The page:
As an organizer, the need to "exempt" or "disallow" certain group of players from playing in an event is not something strange nor new. This clause is widely used by organizers and host of any events, clubs, business houses, companies, etc. If you look at the movie stub for GSC or TGV, you can find the same clause printed on the ticket. And of course, if you have the time to look around at any clubhouse or read through an association constitution, you will probably find the same clause being displayed or printed for all to see. So, what is so strange about chess organizers including the same conditions for its event? In fact, for events organized at DATCC including the FIDE Seminar and National Closed event, the same clause was included but of course, there was no need to enforce the clause but given the right (or wrong situation), if it needs to be enforced, it will then be enforced.
It is very clear that the "barring" clause is primarily used to protect the organizer's interest, direction and most importantly, the organizer's or arbiter's "sanity". Whilst I would not go to the extent of branding these group of people as "trouble makers" - although some of them really are, I would probably refer them more as "those with different point of view which is usually unfavorable towards the organizer". So, does this clause actually "victimize" certain players or people from participating in an event? If the idea is seen as victimizing the player (or players), what about the organizers? Who is protecting their interest from being "victimized" by unwanted players, or players who have been known to cause trouble. I have seen organizers being the victim of complaints from the littlest of things and of the stupidest of nature. Some players are just looking to cause trouble and usually when the player is losing, the troubled caused become doubled and tripled. So, whilst it is easy to point players as seen to be victimized, what about the organizer that is being "victimized' by absurd and unnecessary complaints and issues? It is nice to see things from one perspective but what about the perspective of the other party?
Of course, the issue can be extended further - if the grudge is against the parents, why bar the children? If the the disagreement is against the tutor, why disallow the students? Maybe the phrase "birds of a feather flock together" comes into affect - if they are together, maybe they have the same idea. So, if we go by the simple rule of "prevention is better than cure", then most people would understand the need to ensure that a potential risk does not become an actual risk. Worse still is when the situation involves a chess player because a chess player train of thoughts is developed as such that the need to address a certain known risk is crucial before it worsen. We all know the classic Shakespearean tale of Romeo and Juliet where their parents (the Montague and the Capulet) are bitter sworn enemies. As the story goes, we all know that neither Romeo nor Juliet did anything wrong but because of the warring families, the children is branded the same as the family. And although Juliet father may have nothing against Romeo as a person, to him the family and Romeo are the same. So, if a parent saying that my child should not be banned because the issue is with me, then remember Romeo and Juliet....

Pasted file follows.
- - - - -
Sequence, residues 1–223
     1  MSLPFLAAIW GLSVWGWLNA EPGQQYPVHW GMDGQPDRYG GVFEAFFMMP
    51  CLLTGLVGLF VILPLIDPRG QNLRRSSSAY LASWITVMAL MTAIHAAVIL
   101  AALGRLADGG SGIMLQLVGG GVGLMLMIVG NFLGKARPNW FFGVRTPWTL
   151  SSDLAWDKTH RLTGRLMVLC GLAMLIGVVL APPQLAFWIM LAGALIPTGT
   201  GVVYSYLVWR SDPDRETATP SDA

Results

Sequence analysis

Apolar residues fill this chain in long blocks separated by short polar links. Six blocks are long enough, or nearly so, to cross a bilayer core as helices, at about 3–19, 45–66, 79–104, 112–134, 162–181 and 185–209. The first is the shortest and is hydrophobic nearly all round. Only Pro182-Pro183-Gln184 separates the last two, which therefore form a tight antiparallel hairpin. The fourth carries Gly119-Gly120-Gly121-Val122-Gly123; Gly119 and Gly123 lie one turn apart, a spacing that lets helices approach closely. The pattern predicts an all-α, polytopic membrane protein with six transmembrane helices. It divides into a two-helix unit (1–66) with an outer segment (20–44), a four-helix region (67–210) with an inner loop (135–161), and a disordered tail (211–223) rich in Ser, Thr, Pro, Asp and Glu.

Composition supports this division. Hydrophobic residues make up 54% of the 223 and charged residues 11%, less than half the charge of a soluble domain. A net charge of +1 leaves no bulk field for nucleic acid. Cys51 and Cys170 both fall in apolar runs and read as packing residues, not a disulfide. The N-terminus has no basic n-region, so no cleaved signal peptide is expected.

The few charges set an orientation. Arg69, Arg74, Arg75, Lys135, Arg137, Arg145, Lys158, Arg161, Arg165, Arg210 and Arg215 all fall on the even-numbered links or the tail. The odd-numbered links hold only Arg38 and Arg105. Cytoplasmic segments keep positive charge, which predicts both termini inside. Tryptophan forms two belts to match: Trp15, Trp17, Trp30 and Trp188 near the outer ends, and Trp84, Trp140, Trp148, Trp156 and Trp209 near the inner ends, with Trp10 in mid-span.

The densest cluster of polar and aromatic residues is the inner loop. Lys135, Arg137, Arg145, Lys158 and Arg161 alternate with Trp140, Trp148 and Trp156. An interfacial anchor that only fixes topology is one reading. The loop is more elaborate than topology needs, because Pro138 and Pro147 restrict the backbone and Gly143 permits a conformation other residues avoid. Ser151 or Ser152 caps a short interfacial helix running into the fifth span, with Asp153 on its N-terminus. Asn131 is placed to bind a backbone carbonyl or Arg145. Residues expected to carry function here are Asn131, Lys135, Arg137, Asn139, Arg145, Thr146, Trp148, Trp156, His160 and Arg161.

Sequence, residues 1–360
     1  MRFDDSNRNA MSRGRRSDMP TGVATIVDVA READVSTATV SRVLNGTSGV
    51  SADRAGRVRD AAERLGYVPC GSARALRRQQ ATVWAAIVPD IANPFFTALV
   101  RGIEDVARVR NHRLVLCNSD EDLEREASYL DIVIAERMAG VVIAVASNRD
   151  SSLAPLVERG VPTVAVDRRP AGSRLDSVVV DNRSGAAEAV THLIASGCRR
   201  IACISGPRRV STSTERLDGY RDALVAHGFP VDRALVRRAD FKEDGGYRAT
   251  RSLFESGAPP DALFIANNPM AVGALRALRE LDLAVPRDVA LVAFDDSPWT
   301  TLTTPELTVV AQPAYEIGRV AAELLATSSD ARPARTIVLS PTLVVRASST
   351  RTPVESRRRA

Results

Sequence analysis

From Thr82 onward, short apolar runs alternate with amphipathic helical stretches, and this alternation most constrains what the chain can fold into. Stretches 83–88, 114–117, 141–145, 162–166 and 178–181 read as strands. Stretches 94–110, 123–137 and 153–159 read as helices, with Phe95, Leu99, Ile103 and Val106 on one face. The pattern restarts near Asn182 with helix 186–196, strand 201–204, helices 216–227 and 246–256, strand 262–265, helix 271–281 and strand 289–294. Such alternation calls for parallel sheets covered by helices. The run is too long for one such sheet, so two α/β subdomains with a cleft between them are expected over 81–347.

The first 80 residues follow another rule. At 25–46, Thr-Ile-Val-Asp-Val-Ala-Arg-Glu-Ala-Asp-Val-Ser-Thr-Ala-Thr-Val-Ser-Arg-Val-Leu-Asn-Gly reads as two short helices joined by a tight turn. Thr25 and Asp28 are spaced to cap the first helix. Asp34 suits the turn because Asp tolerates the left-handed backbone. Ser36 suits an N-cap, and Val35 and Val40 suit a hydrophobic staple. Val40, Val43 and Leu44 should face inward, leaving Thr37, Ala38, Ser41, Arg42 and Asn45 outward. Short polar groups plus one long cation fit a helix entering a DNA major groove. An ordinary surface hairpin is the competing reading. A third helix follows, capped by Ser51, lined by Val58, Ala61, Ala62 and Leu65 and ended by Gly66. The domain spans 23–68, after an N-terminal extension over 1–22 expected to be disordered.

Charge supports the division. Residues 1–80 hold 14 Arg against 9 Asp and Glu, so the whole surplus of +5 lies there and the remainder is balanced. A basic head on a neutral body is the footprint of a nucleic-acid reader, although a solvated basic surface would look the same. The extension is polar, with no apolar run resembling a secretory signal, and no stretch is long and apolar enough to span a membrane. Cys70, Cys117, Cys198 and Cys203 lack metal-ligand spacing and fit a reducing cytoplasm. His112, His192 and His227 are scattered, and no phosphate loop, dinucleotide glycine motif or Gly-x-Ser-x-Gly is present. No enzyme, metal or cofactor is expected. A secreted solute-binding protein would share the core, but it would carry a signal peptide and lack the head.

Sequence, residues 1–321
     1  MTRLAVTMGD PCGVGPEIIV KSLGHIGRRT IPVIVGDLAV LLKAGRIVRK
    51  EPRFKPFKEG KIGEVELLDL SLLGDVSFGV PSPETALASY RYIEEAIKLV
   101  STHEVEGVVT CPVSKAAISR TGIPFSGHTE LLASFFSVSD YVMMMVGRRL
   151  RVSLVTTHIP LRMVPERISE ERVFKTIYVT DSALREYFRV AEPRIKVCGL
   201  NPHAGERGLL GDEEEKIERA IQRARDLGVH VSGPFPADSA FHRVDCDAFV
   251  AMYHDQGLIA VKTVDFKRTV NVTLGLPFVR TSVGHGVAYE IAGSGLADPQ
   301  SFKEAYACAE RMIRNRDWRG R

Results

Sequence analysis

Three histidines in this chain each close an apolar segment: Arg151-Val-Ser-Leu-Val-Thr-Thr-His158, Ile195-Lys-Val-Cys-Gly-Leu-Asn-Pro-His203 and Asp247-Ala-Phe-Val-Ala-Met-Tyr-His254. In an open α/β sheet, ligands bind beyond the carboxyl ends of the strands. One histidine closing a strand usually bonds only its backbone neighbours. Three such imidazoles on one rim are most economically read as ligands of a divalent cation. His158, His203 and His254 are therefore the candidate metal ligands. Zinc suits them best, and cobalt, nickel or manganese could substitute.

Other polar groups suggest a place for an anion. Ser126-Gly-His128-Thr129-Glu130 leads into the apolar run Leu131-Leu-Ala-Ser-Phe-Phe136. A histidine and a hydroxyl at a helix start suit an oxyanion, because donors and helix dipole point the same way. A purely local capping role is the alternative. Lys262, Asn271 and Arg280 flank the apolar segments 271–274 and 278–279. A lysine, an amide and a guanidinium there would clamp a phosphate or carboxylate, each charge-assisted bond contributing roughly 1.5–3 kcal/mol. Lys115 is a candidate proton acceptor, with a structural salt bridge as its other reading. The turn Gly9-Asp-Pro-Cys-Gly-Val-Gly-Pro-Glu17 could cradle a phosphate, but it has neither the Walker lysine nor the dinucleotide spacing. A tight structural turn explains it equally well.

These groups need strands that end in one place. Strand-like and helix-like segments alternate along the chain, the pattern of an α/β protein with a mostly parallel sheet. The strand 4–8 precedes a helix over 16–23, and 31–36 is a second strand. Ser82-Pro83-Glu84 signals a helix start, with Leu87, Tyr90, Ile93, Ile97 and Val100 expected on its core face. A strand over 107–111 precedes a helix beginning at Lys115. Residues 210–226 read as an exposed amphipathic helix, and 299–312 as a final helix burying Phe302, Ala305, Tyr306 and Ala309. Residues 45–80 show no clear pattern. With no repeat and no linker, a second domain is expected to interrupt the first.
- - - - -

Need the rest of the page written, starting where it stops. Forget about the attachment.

Whilst it is indeed a shame having to disallow someone from playing in an event due to no mistake of his (or her), the rights of the organizers should not be questioned at all. No one should be forced to take in someone who is not wanted - for whatever reason the person may have. The way I see it, organizers are like host or house owners, and as the house owner, I have the right to invite or allow the persons that I like to my house, and disallow those whom I do not like. So, if your next door neighbor organize a "party of the decade" and welcome everyone from the same street except you to his party, do you want to cry foul and "insist" that you are allowed to join in the party? Unfair you may say? But as the host, I decide what is fair or unfair based on my condition and my prerogative. And if you do not like it, go find your own party. It sounds harsh and blunt but this is reality.